Sita Syal, a WISE RP alumna, was recently chosen as a Udall Scholar. The honor, awarded to only 80 students nationally each year, is given to students committed to careers in the environment or Native American policy. This year, she was the only student from the state of Michigan to receive a Udall scholarship. Here’s what she has to say about the application experience:
I had to first submit my application letters of recommendation to U of M (the PitE department runs this scholarship). Since each university is only allowed to have a fixed number of nominees, the PitE committee went through and picked their nominees to compete for the national scholarship. I was one of 4 nominees from U of M. Then, we were put in touch with former Udall scholars who go to Michigan and they helped us revise our application to compete nationally. It was so helpful to get a perspective from someone who had successfully gone through submitting a Udall application, but it was intense! There was a normal application part where I put my information, activities, etc., but then there was a huge essay section. There were 7 short answer sections that asked us about our career goals and activities we have done that show our commitment to these goals. Although they were separate questions, we had to weave each essay together, almost like it was one big essay. At the end, there was a large essay were we had to read a piece of work by either Morris Udall or Stewart Udall (the senators from which this scholarship and foundation is in honor of) and analyze it.
Becoming a Udall scholar has many advantages, including both a scholarship and networking opportunities. Sita discusses some of these benefits:
I get a nice sized scholarship to help pay for school, and also get to be a part of the "Udall network." There is a really big push to make a community within the scholar group to encourage networking - many of us are likeminded and doing similar things, so it's a really amazing network to be a part of! There is an email group with all the current scholars this year that we use to talk with one another and pass on cool opportunities. I'm also part of the regional Udall network, which is pretty cool. I get to be in touch with people who were probably very similar to me in college, and learn about their lives and jobs. At the end of this summer, they are also flying all the scholars into Tuscon, Arizona, for a mandatory, 4-day scholar orientation, where we will get to know the other scholars, meet scholar alumni, do team building, participate in discussions and educational workshops, and have fun together. It should be a blast!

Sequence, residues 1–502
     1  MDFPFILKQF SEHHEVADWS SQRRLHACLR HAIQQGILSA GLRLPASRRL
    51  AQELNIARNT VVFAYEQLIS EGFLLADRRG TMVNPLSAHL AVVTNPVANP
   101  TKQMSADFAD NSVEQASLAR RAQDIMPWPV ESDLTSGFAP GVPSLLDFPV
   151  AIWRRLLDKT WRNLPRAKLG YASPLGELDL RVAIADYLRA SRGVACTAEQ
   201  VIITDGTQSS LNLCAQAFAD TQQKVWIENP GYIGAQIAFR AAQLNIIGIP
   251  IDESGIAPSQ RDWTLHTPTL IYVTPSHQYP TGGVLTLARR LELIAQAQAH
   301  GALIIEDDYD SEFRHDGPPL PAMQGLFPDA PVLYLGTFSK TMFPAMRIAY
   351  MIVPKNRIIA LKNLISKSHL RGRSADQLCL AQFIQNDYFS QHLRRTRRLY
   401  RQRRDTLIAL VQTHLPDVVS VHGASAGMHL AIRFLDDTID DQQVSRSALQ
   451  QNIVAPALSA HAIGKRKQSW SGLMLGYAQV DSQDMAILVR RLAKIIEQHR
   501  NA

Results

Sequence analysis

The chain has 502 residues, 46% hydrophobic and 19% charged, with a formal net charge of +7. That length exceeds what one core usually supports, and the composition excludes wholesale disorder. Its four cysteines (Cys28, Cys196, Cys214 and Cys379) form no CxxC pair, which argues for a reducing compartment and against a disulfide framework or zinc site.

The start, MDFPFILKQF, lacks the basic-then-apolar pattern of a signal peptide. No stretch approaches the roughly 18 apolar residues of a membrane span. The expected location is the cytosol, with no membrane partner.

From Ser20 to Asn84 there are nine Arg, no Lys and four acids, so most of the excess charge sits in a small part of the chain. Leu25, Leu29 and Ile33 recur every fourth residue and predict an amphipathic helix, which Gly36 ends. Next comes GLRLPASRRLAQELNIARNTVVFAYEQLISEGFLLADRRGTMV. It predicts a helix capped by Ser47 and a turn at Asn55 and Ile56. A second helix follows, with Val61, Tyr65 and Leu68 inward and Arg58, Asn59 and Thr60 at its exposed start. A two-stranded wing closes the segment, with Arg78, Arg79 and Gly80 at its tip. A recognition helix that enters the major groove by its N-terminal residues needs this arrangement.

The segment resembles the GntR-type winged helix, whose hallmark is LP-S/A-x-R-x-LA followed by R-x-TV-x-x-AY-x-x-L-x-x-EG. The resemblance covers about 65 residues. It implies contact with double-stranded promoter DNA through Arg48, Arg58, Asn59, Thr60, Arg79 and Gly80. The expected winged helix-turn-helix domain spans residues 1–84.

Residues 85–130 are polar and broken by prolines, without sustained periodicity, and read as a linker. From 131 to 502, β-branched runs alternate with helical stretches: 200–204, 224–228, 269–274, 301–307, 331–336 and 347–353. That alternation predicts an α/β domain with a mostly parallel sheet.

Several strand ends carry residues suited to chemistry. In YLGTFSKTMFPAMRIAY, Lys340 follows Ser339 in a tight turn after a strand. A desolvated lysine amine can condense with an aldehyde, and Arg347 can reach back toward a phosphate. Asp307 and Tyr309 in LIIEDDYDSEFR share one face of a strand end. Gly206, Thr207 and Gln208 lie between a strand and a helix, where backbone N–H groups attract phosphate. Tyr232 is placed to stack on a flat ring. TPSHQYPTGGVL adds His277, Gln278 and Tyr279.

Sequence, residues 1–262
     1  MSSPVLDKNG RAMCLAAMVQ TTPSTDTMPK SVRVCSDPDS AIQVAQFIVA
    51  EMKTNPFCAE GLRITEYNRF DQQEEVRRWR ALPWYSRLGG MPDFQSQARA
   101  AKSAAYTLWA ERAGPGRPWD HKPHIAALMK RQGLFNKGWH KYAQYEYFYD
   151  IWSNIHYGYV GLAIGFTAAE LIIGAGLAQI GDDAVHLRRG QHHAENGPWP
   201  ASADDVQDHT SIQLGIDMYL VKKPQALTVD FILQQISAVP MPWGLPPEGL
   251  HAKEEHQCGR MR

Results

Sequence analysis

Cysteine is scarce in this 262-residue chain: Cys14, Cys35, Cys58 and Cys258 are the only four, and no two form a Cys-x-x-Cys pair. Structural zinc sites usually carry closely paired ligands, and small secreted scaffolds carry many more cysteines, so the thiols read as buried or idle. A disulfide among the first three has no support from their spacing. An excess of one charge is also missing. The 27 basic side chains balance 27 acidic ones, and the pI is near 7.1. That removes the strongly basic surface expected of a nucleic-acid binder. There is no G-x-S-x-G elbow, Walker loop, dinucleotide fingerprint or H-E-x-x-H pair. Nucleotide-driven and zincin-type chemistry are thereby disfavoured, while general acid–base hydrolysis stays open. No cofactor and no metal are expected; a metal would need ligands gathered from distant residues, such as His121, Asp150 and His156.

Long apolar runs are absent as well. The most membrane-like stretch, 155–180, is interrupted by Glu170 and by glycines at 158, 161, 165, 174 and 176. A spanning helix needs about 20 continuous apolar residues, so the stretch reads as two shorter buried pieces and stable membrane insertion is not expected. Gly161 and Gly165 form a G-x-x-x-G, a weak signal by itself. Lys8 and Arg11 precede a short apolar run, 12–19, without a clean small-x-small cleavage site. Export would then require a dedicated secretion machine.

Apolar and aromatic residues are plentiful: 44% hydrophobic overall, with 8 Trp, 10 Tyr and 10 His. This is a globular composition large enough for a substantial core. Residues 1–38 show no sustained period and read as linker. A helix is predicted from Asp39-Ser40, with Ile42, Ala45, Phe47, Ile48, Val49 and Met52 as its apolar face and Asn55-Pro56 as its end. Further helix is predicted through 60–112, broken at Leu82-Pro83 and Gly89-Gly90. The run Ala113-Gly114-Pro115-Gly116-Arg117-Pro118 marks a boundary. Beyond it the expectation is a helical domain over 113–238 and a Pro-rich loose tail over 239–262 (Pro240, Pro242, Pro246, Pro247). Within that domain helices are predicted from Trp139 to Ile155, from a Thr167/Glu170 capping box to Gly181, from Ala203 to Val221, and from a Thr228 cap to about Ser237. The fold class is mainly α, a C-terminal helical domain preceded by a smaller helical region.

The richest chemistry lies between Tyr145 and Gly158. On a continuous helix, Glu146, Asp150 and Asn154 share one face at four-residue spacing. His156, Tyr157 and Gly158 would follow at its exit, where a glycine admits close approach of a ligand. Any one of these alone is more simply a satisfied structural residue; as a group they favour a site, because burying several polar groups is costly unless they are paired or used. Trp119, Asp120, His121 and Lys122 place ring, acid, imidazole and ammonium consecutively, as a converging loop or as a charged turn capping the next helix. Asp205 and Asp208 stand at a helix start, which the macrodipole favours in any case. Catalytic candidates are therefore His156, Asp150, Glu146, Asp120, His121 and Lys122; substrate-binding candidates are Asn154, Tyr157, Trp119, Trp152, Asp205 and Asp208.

Sita also recently returned from a semester studying abroad in India where she learned about India’s uses of renewable energy.
I went on a study abroad to India for the Winter 2012 semester (January to April 2012). It was amazing! I was in New Delhi, the capital city, at a college under Delhi University. I took a semester off of engineering to take classes for my International Minor. I took advanced Hindi, a social economics class on India, and a field work class. The field work class was very unique from any other study abroad program I have heard of - each student was placed with a different organization for 6 weeks to study something that they were interested in. I was placed in the federal government with the Ministry of New and Renewable Energy (MNRE). My project was to study renewable energy policy and then travel to different sites to study the actual implementation. I focused on solar energy during my time there. I spent the first part of my internship in the MNRE office, reading policies, talking with government officials, and learning a lot about the renewable energy activities in India. Then for the second half, I traveled to different places around the country to see solar installations in both rural and urban settings. I also got a chance to talk with the stakeholders to understand their point of view and how the technology affected them and their families. My final presentation was a comparison of solar energy in the residential sector in rural vs. urban settings. It was an amazing opportunity, and also made me more excited to learn about renewable energy.
In between schoolwork and studying abroad, Sita is also very involved with student organizations at the University.
While working on a chemical engineering major and international minor, I am involved in BLUElab and Groove. BLUElab, Better Living Using Engineering Laboratory, is student group that works towards sustainable solutions in developing communities. I was the project leader of a design team under BLUElab called Woven Wind. Woven Wind is working to create wind turbines with the blades made of woven material. We are working in a village in Guatemala with a women's weaving cooperative to co-design this product. I have gone to Guatemala twice with this group! We have made great progress and relationships, and the group is continuing to work on this product. I have transitioned out of being project leader of Woven Wind and will be the incoming president of the overall BLUElab organization for this school year. Along with BLUElab, I am involved in Groove, a percussion performance group. We write our own songs and perform at many events throughout the semester, ending with our own, self-run, show at the end of each semester. Through that group, I play all sorts of percussion instruments (even trash cans!) and electric violin. I love music, so it's a great way to have a creative outlet and meet other people who love music. In addition to BLUElab and Groove, I love hanging out with friends, volunteering, and playing IM and pick-up sports.